3 replies
  1. John Aberle
    John Aberle says:

    I wholeheartedly agree with your article about poisoning the well. Ironically, yesterday I wrote a blog post, "Customer Service Metrics Can Do More Harm than Good," inspired by your Chapter “Killing Trust with Measurements and Rewards,” in Trust-Based Selling

    I was a small business consultant for 40 months for an international consulting firm that used hard sell tactics. While some of their salespeople were excellent, able to close business by committing us to what we could do, others would put us into a position where the job often exploded before we even got one day in. Need I say that this employer was very metrics driven.

    The frustrating thing for the consultants was that we really cared about helping our clients and strove to do a good job – and the company stood behind its work. I had the privilege of going on a few rare occasions to ensure that the client was satisfied when one of our consultants hadn’t had the right skill set.

    I remember one job where the project manager (actually a senior executive filling in) and I had wonderful rapport going. We came back the next morning expecting the job to run for several days if not for the full program only to have the wife terminate the job right then. The previous evening she spoke with friends at the gym. One of the friends had our firm in before while another friend’s spouse had once worked for our company. There was nothing we could do to salvage what our company’s reputation destroyed.

    I was often puzzled by the corporate approach to sales. I too felt it was a slash and burn approach as though the supply of prospects was infinitely renewable.

    Reply
  2. Charlie (Green)
    Charlie (Green) says:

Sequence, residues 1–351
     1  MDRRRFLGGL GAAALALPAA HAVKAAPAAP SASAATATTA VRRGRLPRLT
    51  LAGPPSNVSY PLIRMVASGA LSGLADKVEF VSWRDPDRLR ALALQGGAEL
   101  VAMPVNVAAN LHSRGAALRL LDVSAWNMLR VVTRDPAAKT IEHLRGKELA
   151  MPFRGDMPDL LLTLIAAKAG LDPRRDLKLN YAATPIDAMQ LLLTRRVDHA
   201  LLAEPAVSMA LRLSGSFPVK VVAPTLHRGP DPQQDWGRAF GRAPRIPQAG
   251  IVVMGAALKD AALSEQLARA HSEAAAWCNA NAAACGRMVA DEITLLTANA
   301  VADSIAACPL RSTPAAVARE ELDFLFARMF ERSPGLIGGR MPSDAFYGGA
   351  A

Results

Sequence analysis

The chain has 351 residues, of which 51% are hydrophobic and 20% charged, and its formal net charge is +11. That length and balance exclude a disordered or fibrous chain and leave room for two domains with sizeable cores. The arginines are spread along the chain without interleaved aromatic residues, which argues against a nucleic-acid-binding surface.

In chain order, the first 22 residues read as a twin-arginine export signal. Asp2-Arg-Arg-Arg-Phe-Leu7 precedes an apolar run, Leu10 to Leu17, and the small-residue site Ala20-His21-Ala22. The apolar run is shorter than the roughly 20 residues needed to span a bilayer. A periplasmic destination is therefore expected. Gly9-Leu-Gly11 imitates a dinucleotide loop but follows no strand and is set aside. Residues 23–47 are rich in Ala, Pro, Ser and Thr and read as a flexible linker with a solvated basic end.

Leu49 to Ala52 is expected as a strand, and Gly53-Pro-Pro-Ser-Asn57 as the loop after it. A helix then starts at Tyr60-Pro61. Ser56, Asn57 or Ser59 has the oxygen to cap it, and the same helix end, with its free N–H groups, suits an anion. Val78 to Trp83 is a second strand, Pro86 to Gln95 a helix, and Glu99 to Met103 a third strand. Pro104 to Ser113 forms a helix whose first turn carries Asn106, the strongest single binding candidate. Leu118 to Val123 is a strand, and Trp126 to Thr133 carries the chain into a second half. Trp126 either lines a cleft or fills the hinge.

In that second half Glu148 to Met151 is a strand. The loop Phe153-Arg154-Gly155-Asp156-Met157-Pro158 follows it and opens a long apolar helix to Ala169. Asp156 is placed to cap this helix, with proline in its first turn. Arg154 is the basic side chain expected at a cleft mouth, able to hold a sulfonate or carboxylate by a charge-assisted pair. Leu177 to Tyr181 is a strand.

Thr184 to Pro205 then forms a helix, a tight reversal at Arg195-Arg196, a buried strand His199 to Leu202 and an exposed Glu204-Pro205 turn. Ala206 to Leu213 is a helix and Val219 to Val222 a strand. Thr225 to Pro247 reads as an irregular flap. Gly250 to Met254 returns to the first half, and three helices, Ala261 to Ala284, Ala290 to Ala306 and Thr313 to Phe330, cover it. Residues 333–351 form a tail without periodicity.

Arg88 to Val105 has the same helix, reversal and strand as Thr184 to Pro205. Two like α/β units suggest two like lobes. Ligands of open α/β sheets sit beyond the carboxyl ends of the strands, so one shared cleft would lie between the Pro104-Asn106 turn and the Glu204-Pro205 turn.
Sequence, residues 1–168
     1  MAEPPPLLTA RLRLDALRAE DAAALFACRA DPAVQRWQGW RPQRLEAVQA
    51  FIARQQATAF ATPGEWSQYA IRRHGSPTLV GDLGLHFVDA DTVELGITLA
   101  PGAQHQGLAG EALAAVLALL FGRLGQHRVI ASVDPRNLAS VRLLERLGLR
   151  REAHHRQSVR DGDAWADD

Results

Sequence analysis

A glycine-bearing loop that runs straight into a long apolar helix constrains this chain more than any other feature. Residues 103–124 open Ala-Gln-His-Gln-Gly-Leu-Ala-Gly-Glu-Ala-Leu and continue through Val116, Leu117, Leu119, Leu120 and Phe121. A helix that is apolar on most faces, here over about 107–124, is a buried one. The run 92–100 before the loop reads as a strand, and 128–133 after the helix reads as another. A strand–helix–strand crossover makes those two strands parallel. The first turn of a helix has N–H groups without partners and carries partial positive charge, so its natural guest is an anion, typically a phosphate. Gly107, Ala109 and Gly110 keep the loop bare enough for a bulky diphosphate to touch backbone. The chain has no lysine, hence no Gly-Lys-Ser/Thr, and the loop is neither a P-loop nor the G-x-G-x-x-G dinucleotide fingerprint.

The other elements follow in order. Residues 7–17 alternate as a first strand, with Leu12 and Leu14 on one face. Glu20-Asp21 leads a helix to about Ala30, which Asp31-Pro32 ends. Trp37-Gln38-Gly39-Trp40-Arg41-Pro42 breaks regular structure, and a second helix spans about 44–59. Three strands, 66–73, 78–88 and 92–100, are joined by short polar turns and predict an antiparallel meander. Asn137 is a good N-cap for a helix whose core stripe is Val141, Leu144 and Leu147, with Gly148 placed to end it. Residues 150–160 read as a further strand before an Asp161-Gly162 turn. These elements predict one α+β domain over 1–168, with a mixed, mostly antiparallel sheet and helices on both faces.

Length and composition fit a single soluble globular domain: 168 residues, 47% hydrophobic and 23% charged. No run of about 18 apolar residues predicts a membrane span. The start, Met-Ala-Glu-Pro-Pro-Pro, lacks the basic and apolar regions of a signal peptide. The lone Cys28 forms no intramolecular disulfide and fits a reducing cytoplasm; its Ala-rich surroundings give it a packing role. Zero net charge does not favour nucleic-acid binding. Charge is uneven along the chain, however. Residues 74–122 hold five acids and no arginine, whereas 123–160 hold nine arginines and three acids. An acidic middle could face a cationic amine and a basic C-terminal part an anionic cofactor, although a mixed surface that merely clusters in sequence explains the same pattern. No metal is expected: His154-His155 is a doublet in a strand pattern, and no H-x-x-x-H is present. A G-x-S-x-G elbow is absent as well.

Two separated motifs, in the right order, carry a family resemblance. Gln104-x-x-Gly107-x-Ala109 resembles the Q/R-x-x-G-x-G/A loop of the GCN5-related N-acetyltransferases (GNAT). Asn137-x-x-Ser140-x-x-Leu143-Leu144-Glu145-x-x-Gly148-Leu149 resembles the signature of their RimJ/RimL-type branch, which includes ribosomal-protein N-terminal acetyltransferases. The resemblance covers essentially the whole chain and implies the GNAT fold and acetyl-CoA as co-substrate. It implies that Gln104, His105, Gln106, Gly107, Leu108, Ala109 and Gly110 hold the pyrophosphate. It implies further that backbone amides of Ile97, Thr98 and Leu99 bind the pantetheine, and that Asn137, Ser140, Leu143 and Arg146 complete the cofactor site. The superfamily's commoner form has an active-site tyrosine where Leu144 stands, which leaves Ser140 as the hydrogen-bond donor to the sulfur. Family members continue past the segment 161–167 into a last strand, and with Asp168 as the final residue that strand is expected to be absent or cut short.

John,

    Those are some powerful examples, wow.  The shock of doing a fine job and then having the rug pulled completely out from under you because somebody, somewhere chose to do scorched earth sales.  It just sits out there festering, waiting to explode on you even when you’re doing good work.

    Just to be clear on the issue at hand, I remember someone saying to me, "the problem is not hard-sell, it’s wrong sell. If someone really needs what you have and you’re sure of it, you need to get their attention.  The problem comes if it’s all about you."  I think that’s pretty much it; these tactics are mostly aimed solely at self-aggrandizement, and that’s the real sin of it.

    Reply
  3. Andrea Howe
    Andrea Howe says:

    I think the greatest shame in this whole story is the lost opportunity at the moment Joan expressed her dissatisfaction and disgust on the call–I would assert some masterful empathic listening followed (not too quickly) by, "Is there anything we could do to make this right?" could have turned a marketing horror story into a celebrated success story. Sounds like that’s not what happened. Too bad for Ford and too bad for Joan.

    Reply